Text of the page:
Chevron has big plans for remediation and commercial development of a 332-acre plot along the Tank Farm Road corridor of San Luis Obispo. But the petroleum giant says those plans don’t pencil out unless the city agrees to a development agreement that would have taxpayers reimbursing $11.1 million of the costs.
San Luis Obispo city officials appear to be on board: They’re working with Chevron to come up with a final development agreement by early next year, and are simultaneously pushing for the currently unincorporated area to be annexed into the city limits.
“This all ties into the vision that the city of San Luis Obispo has for the build-out of the southern part of town,” said Bill Almas, the project manager for Chevron Land & Development in charge of the Tank Farm project.
The property is on either side of busy Tank Farm Road – an area long designated for development in long-term planning documents and a major east-west thoroughfare for San Luis Obispo.
Chevron says its project, which includes a business park at full build-out, will act as a catalyst for private-sector development in that portion of the city by widening Tank Farm Road to four lanes, extending Sante Fe Road to the north and south, adding traffic signals to the Tank Farm and Sante Fe intersection, and adding bicycle lanes.
Chevron’s proposal calls for developing 50 percent of the total public infrastructure in the airport specific plan, Assistant City Manager Michael Codron said, but the company is only developing 12 percent of the land in that area.
“They’re essentially building more than their fair share of public infrastructure. That eliminates the need for the city to build that infrastructure,” he said.
Chevron has said it will spend $17.4 million on regional infrastructure improvements. Its portion of the airport specific plan’s impact fees — what it will have to pay into the infrastructure pool — is $6.3 million, it says. The $11.1 million difference is what the city will have to reimburse it for, Chevron says. It has presented the city with a “menu of options” for how that amount could be refunded, including reimbursing the company with “add on” fees collected from other projects in the airport area, deferring a portion of its building-related fees, or sharing in the transient occupancy tax collected from a hotel if one were built into the project by a third-party operator. Either way, the development agreement is a slightly unconventional way for the city and a private company to partner up on a large-scale development.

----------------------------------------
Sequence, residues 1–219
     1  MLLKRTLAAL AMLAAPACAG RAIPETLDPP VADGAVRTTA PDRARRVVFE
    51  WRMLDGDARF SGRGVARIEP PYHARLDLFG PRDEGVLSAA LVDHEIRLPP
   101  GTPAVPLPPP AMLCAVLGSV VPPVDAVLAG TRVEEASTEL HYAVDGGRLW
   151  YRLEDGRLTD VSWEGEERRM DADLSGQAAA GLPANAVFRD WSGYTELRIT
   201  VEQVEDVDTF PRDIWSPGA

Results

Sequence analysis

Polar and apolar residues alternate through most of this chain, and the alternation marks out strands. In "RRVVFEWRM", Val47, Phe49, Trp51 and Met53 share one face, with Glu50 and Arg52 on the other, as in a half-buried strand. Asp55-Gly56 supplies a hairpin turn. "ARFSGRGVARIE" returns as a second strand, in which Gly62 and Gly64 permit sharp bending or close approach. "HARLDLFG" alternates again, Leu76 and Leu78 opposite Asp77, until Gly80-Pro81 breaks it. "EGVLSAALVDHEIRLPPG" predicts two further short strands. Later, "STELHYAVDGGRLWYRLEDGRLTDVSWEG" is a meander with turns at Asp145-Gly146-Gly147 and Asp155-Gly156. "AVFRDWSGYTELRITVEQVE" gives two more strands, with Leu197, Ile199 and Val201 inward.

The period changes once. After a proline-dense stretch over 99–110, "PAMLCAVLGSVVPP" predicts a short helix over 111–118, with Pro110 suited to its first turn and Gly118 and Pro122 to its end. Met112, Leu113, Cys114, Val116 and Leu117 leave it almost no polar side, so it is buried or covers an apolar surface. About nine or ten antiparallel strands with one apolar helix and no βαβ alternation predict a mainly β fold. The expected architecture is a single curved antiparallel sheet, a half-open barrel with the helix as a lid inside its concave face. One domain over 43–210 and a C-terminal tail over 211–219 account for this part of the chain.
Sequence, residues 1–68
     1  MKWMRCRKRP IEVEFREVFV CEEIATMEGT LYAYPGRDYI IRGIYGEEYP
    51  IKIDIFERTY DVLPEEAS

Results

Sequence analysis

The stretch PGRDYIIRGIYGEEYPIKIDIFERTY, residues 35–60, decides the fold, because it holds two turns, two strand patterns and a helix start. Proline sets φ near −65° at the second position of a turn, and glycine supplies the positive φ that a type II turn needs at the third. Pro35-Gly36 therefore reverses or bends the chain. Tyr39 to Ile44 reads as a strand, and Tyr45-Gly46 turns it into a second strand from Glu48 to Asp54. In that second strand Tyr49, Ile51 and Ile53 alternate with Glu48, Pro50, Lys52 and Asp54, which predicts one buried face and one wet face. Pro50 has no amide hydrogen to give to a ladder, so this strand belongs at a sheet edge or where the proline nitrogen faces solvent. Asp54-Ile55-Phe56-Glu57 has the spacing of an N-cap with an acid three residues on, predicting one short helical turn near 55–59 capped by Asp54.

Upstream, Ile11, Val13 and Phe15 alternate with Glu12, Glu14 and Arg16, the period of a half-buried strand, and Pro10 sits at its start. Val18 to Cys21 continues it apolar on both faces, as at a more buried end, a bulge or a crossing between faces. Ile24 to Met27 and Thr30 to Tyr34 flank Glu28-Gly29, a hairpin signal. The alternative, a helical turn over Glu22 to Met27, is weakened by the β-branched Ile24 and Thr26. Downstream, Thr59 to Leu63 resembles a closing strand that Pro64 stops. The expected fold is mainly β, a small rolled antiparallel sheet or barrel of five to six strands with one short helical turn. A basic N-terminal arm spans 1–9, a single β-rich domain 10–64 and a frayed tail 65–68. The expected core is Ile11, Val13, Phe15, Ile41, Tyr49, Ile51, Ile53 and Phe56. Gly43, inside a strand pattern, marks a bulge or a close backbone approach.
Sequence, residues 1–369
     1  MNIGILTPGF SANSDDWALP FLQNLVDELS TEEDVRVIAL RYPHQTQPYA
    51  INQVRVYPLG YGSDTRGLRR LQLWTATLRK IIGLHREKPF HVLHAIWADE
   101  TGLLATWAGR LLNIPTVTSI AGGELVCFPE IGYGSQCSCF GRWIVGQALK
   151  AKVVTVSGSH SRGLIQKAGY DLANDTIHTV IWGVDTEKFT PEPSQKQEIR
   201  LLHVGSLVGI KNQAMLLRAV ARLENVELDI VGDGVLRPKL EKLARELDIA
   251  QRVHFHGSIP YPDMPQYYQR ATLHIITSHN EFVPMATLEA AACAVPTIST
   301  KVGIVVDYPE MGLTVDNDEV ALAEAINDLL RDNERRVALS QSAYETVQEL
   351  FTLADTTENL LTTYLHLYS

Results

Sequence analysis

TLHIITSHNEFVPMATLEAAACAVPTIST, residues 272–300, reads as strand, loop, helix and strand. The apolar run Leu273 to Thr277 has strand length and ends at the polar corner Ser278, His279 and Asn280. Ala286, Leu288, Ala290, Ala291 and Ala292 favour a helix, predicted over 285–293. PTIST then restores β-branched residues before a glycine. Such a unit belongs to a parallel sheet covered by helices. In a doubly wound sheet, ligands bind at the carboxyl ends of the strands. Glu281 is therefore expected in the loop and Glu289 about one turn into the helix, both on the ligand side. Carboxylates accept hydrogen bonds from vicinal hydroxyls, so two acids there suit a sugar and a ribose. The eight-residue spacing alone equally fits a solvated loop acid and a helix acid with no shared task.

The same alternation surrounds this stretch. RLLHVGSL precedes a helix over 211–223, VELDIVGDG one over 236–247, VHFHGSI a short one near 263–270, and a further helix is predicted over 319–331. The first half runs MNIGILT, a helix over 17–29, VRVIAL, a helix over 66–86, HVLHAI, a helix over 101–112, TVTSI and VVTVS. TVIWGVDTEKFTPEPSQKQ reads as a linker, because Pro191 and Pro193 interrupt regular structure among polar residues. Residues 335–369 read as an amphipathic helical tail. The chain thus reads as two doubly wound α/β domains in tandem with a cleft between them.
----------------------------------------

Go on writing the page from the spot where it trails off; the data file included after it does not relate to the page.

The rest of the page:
Normally, the city would collect fees from private developers upfront, and then go ahead and build the surrounding infrastructure as different projects come on board. “This is a little more creative in terms of the sources of reimbursement,” Codron said.
Chevron and the city said they’d like to get a development agreement hashed out by early next year, around the same time Chevron is expected to release the environmental impact report that gets the ball rolling on the public approval process for the project.
Here’s a closer look at what Chevron wants to do:
For years, Chevron has said it wants to remediate and eventually develop a portion of the 332-acre property it owns on either side of Tank Farm Road. Over the next 25 years, the petroleum giant wants to restore the land, dedicate 250 acres to open space and eventually develop 53 acres for commercial use.
The first step is cleanup, a phase Chevron expects will take about two years. A lightning storm in 1926 sparked a massive blaze that lasted five days and boiled the crude oil stored on the site into a sticky, tar-like substance.
Chevron plans to remove that contamination, as well as the remaining crude oil storage structures on the property. Its plans also call for increasing the wetlands space and restoring the habitat for the endangered fairy shrimp — a small crustacean that held up the development of nearby Costco — and other wildlife on the property. The petroleum company says it will set up an endowment for the continued maintenance of the open space.
Suzanne Parker, a regional spokeswoman for Chevron, said the company is dedicated to cleaning the property up, and will do so whether or not its development agreement with the city pans out. “It’s important for people to know that Chevron is committed to cleaning up the property no matter what,” she said.
The portion of the project that does hinge on city cooperation is Chevron’s plans to annex the project into the city limits and develop 53 acres for commercial use — half as a business park, and half for other commercial space, such as small-business warehousing. When the commercial portion is finished sometime in the next 25 years, it will host 1,824 jobs and generate $1.6 million in annual tax revenue for the city, Chevron says. Construction would produce 534 construction jobs, the company estimates, and it would pay $10.8 million in one-time fees and sales tax to the city at the beginning.
“This is a good opportunity for the city, for the goals that are laid out in the general plan and the airport specific plan, and for growth in the southern part of the city,” Parker said.
The oil giant is also currently negotiating with the city over minimizing $2.6 million in infrastructure plan check and inspection fees, in exchange for developing the infrastructure in the airport area.
Codron and Almas went before the San Luis Obispo City Council on Sept. 20 to update the council on their plans and the potential development agreement. Codron said the City Council appeared supportive of the project. “The council by consensus gave city staff direction to move forward with a more detailed evaluation of the proposal,” he said. “Specifically, they’d also like us to consider the risks to the city associated with the reimbursement agreement.”